Friday! Time to drive out to Seneca Falls, where we stayed at John Morris Manor Bed and Breakfast. The breakfast here is absolutely wonderful. It's clean, it's cute, and I would absolutely stay here again. I love bed and breakfasts so much more than hotels! They do have two dogs, who are friendly, but also not shy. May not be the place for you if you are really not a dog person. It would be a shame to miss breakfast here, though. Seneca Falls, itself, however, was not too exciting. We had a hard time finding a place to eat. Many shops appear to be out of business. We ate at a pizza/pasta place that did not have its alcohol license yet. We ordered pasta. We were served with what looked like at least a pound of pasta each. It was unremarkable in flavor. The garlic rolls that came before the pasta were crusty, warm, and flavorful. We filled up on those.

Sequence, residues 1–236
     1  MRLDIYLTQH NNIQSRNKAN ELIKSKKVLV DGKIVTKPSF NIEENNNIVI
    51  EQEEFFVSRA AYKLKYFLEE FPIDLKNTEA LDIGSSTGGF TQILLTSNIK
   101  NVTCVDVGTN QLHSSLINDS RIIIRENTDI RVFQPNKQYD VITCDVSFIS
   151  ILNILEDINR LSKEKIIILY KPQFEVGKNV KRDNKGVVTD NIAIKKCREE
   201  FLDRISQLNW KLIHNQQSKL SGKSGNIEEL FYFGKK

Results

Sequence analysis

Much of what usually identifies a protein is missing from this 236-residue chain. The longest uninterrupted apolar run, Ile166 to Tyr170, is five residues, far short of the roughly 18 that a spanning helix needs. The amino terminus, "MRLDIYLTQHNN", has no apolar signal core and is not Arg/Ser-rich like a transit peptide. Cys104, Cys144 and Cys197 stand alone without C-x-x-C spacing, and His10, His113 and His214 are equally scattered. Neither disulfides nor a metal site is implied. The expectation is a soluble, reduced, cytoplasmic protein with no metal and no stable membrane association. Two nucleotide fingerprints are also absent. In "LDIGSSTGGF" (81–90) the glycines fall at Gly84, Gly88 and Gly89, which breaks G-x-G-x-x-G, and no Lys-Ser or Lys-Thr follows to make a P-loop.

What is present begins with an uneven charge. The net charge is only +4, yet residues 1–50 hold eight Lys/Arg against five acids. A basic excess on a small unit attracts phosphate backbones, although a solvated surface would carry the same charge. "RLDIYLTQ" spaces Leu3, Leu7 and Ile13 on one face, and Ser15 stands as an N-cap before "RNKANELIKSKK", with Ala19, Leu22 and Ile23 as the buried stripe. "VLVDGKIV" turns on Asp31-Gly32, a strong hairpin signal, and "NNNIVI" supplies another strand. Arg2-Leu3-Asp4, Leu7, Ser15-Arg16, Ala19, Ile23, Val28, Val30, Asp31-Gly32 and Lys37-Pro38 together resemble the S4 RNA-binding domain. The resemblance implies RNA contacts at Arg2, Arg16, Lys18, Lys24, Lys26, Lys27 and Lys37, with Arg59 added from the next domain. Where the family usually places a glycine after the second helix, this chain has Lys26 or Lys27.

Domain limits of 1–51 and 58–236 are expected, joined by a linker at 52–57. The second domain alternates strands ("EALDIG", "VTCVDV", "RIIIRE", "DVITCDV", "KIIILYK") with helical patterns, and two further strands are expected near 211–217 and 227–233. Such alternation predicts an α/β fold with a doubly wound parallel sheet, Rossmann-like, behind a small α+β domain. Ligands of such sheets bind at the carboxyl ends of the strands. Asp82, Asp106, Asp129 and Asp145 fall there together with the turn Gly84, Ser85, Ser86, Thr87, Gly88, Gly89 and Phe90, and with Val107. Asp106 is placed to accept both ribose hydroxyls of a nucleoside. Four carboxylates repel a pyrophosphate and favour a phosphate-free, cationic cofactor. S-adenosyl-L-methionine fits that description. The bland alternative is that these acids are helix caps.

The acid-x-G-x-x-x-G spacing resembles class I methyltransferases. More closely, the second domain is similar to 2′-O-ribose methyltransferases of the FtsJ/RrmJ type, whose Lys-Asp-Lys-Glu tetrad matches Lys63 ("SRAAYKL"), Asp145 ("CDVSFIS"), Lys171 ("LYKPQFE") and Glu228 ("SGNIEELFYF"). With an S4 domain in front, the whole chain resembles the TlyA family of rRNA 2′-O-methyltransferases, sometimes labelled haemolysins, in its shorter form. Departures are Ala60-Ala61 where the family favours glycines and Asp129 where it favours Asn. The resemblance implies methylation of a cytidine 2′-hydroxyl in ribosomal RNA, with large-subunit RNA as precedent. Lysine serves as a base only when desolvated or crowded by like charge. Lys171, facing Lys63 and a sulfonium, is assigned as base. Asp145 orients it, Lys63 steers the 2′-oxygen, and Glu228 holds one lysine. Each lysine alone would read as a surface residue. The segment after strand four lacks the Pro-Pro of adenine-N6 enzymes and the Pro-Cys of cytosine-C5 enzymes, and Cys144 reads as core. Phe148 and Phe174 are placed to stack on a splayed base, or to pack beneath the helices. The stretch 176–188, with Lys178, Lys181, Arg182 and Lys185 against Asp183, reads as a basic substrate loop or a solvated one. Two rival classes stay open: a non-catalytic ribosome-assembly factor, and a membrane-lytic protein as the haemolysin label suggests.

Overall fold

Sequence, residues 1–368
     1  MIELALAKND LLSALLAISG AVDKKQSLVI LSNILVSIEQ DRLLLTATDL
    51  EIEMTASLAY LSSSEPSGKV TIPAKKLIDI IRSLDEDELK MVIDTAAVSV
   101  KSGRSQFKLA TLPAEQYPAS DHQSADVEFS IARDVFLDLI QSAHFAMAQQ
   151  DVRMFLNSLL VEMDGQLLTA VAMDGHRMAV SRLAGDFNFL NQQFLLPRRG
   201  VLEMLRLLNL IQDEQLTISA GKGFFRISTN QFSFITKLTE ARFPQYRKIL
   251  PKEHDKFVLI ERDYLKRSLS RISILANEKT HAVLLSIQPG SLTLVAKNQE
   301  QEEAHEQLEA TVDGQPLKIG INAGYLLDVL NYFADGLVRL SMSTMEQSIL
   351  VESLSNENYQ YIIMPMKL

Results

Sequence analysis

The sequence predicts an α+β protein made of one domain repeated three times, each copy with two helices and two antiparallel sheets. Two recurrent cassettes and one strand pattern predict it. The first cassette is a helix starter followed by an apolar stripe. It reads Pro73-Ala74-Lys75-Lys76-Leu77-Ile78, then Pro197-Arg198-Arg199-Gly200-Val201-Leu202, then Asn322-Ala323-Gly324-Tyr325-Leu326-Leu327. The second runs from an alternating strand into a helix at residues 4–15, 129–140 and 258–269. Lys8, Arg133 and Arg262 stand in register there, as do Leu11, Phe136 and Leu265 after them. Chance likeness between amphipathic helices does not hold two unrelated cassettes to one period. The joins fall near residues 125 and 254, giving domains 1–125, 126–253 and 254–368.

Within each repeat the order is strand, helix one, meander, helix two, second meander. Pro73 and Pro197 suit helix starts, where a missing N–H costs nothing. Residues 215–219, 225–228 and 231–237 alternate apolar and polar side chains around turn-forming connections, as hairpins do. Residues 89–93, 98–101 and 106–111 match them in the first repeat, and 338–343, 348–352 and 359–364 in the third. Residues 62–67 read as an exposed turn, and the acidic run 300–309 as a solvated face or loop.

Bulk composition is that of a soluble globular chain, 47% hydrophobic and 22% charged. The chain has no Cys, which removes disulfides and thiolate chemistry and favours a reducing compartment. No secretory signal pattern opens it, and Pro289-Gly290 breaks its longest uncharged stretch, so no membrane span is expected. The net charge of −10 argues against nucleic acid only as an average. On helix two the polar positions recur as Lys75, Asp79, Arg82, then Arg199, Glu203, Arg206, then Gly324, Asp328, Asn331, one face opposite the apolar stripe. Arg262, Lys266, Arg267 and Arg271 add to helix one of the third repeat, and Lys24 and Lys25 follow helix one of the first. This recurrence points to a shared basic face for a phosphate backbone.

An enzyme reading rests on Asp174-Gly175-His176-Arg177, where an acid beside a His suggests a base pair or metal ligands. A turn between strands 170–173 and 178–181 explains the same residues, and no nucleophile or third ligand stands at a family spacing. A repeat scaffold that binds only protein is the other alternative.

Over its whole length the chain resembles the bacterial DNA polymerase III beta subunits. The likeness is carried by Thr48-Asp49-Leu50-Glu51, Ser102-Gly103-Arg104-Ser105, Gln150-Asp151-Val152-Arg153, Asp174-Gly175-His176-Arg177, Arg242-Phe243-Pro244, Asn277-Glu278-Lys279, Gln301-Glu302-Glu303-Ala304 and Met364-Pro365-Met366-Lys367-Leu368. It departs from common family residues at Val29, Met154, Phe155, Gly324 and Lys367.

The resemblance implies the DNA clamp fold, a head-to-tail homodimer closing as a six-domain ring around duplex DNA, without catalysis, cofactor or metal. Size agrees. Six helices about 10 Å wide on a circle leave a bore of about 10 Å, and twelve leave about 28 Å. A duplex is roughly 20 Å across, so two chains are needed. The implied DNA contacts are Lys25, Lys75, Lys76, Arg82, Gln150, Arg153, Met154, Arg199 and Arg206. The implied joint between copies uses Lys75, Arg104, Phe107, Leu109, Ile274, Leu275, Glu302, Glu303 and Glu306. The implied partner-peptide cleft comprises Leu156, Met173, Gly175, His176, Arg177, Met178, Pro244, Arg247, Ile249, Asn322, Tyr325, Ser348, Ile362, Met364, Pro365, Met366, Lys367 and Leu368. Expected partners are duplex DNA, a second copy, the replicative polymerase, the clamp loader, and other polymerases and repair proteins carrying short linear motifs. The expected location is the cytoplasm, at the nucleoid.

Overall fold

Then back to John Morris Manor (where there is no wifi, but we lived). We horked a couple of chocolate chip cookies and went to bed.
Saturday morning, we were treated to a fresh fruit plate, tea, pancakes with blueberry sauce,and a sort of baked egg frittata (but looked like it was baked in a pan and then cut into squares--very fluffy and light and delicious. I'm going to try this.) with cheese. The other guests (two couples at the same table with us) were utterly charming. There was also juice. Dogs did a bit of begging.
I have neglected to mention that since Thursday morning (the morning I left for Boston), every thing I ate had a bitter, metallic aftertaste. Everything. Water. Bread. Worst culprits were greens and sweet things. I was so paranoid that I had some mysterious dental issue going on. It wasn't so bad the day I got to Boston, but the absolute worst day was Saturday, the day we were going on the wine trails. So that was a bit of a downer.